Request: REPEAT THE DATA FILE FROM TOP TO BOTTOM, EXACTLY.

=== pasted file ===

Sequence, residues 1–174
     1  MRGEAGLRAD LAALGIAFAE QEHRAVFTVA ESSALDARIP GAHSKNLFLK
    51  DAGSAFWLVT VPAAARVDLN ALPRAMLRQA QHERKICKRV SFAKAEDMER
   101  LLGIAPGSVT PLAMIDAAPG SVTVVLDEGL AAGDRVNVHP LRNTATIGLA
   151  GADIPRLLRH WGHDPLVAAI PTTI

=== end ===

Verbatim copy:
Sequence, residues 1–174
     1  MRGEAGLRAD LAALGIAFAE QEHRAVFTVA ESSALDARIP GAHSKNLFLK
    51  DAGSAFWLVT VPAAARVDLN ALPRAMLRQA QHERKICKRV SFAKAEDMER
   101  LLGIAPGSVT PLAMIDAAPG SVTVVLDEGL AAGDRVNVHP LRNTATIGLA
   151  GADIPRLLRH WGHDPLVAAI PTTI